ENVIRONMENT Minister Phil Hogan is under intense pressure over plans to hand council bosses new jobs on the same pay when their contracts end.
The Irish Independent has learned that draft Government proposals mean outgoing county managers can opt for a year's pay worth up to €189,000 -- or else get a job in another position.
But internal documents reveal serious reservations about the plans from within Mr Hogan's own department.
Senior department officials have warned that the proposal to guarantee local authority bosses jobs could be seen as "poor value for money".
An internal letter from the department's personnel section said that under the plans, a manager who recently retired at the age of 53 would have had to be employed at a six-figure salary for another 12 years.
Correspondence also highlights a fear that new jobs for ex-bosses "would undermine the authority of any new manager" in the same council.
Mr Hogan is under pressure to make a decision quickly, because perks for secretaries general have already been axed by his Cabinet colleague, Brendan Howlin, in the wake of public outcry over top civil servant Dermot McCarthy's gold-plated €730,000 retirement package.
But he faces a headache as officials within his own department have now asked for the proposals to be delayed and "fully investigated".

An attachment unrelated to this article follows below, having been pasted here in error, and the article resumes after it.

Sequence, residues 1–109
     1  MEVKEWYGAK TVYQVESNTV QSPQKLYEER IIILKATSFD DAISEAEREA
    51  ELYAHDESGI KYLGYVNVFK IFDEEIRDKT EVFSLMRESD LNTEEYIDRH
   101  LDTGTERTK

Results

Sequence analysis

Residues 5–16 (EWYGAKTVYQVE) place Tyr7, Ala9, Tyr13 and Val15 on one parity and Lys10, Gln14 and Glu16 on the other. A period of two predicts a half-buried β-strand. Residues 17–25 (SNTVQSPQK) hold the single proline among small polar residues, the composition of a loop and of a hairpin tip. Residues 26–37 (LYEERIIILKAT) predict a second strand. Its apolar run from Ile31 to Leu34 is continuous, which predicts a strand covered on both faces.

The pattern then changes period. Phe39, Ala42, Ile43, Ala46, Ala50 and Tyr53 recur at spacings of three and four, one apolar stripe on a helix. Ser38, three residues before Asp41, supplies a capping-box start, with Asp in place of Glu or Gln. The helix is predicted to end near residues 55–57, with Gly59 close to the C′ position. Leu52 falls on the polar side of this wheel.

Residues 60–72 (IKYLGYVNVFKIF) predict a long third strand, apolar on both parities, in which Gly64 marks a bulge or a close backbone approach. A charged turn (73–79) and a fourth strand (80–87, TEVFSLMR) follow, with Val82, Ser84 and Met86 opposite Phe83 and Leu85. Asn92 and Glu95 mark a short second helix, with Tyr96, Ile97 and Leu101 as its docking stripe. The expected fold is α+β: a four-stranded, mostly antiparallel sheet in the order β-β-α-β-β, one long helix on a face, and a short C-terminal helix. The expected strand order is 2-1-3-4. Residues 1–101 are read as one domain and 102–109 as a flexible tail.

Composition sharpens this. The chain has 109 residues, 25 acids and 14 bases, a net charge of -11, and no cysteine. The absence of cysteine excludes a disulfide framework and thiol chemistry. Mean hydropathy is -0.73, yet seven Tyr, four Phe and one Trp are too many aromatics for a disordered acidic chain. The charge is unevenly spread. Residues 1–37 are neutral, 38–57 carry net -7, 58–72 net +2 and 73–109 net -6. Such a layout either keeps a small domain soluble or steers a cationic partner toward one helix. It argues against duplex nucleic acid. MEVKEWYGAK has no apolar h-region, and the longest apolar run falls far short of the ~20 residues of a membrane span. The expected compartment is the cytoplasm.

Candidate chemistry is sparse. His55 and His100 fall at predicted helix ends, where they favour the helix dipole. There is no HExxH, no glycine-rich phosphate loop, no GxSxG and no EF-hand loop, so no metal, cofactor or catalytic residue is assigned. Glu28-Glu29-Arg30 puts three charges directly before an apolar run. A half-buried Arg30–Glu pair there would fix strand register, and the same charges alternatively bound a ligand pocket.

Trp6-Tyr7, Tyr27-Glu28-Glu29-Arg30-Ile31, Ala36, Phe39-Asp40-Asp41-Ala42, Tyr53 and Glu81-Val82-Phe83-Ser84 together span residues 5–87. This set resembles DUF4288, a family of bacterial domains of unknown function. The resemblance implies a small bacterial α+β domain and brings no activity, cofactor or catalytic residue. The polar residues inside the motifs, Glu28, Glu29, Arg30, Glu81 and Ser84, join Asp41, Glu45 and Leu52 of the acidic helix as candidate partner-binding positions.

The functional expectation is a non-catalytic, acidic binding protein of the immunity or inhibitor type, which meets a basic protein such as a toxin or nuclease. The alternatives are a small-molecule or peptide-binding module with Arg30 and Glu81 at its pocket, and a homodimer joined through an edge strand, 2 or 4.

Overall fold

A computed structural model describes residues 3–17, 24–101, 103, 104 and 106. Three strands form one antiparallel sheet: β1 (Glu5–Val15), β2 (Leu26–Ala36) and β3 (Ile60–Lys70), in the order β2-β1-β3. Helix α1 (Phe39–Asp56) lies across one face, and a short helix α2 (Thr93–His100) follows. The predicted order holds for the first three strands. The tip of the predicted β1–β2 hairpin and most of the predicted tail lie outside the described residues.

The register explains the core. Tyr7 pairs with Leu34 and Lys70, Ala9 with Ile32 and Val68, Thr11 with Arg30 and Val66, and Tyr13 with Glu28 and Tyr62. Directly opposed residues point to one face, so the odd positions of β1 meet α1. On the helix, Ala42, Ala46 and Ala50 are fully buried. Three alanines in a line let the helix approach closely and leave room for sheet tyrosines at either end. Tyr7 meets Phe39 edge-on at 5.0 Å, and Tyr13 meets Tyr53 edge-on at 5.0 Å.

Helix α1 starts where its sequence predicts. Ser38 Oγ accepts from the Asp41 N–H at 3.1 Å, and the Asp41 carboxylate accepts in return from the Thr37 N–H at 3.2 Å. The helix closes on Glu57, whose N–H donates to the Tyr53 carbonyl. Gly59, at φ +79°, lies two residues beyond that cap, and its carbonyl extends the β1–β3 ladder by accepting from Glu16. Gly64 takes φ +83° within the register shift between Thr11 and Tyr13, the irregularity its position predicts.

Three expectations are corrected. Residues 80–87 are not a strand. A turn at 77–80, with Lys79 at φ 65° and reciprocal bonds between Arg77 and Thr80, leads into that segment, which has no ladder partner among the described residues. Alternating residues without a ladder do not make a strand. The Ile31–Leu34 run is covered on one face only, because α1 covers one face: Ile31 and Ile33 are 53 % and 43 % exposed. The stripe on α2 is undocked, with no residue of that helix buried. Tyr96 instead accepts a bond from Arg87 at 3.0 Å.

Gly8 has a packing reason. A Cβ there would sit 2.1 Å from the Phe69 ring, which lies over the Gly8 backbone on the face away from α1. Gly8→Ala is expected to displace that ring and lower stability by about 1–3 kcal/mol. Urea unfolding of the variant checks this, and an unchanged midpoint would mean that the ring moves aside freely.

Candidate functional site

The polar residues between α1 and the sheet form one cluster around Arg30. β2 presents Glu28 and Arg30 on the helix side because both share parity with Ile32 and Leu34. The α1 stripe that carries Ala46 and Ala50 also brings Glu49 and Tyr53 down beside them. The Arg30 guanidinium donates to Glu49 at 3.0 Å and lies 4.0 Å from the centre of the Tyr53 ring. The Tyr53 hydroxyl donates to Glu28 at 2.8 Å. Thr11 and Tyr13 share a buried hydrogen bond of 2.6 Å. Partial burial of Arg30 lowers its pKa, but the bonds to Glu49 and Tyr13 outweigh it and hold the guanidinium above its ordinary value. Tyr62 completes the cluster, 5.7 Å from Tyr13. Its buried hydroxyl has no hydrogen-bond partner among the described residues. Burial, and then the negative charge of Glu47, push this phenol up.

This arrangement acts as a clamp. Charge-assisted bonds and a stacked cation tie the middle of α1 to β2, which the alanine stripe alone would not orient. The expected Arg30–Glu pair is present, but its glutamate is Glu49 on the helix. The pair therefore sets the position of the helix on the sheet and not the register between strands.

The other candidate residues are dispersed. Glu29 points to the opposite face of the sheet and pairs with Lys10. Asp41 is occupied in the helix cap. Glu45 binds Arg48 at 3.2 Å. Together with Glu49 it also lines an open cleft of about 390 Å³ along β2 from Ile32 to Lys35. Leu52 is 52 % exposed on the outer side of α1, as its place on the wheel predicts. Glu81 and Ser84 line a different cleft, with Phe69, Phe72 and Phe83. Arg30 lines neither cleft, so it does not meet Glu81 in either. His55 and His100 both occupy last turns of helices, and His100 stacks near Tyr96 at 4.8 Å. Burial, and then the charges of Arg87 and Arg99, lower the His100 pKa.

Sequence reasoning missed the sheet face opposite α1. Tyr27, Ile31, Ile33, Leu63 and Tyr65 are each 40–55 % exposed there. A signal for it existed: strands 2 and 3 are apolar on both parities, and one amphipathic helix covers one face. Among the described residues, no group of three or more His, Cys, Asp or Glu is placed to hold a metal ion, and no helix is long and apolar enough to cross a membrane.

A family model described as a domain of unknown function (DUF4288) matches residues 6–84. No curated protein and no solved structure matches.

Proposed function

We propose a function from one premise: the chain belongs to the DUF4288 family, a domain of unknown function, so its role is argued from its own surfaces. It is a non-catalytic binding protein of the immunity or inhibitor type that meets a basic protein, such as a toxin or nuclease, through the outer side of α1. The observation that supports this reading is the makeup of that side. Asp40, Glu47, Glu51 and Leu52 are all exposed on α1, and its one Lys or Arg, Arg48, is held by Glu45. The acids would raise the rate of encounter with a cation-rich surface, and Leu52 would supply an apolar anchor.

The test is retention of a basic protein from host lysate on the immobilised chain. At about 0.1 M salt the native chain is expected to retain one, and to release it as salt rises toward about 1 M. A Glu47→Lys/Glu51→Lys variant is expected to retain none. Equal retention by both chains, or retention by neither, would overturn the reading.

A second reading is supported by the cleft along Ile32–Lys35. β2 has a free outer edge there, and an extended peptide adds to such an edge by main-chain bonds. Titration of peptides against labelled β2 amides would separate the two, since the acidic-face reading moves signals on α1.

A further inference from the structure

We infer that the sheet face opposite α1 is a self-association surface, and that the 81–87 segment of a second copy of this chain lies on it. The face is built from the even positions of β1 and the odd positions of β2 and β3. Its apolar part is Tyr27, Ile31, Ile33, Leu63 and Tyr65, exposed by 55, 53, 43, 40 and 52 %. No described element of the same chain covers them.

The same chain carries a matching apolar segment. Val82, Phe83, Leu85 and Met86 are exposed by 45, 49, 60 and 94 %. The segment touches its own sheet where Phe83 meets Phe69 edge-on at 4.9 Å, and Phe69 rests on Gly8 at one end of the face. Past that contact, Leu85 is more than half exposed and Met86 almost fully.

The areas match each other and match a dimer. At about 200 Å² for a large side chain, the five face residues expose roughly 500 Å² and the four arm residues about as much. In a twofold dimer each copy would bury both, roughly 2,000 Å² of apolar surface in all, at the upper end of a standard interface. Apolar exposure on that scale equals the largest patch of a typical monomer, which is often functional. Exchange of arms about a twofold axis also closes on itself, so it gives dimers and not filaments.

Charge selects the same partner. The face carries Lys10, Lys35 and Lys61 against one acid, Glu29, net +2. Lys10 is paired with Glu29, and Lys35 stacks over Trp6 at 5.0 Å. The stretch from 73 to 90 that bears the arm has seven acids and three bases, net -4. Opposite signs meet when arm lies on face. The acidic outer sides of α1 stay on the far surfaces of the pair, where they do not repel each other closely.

A senior official in the Local Government Personnel section of his department raised serious concerns at the plans in a letter to the Department of Public Expenditure and Reform.
"As you can see there are significant implications for this sector and we would need time to examine the issue in detail," said the dispatch from Barry Quinlan to the Pensions Section of the Department of Public Expenditure and Reform, which drew up the plans.
"I would suggest that a stay be put on the implementation of these provisions until such time as the implications for the sector are fully investigated."
Observations included with the letter said it was "difficult to see how local authority managers could be easily appointed to alternative posts at the end of their tenure".
It said the local authority, which was responsible for appointing managers rather than the minister, could only give them a job in the same authority.
"In this regard, it would seem counterintuitive that a county manager could be appointed to an alternative post within the same council.
"This would undermine the authority of any new manager in the same authority and could be perceived as poor value for money," it said.
It said the plans could also have an impact in attracting the best quality candidates for future posts, as most would expect they could apply for a job in another council when their contract expired.
The letter, sent at the end of October, said this could act as a disincentive to young applicants as the possible period of "uncertain employment" after their time as a manager would be longer.
It also said the cost of the plans could be "very significant" as managers were guaranteed the same pay until retirement, while the plans would require legislative amendment.
In a response, the Department of Public Expenditure said implementation of the plans could be deferred "for a short period".
A spokesman for Mr Hogan declined to comment on his department's concerns.
"Work on the revised arrangements is under way and will be concluded as soon as possible," he said.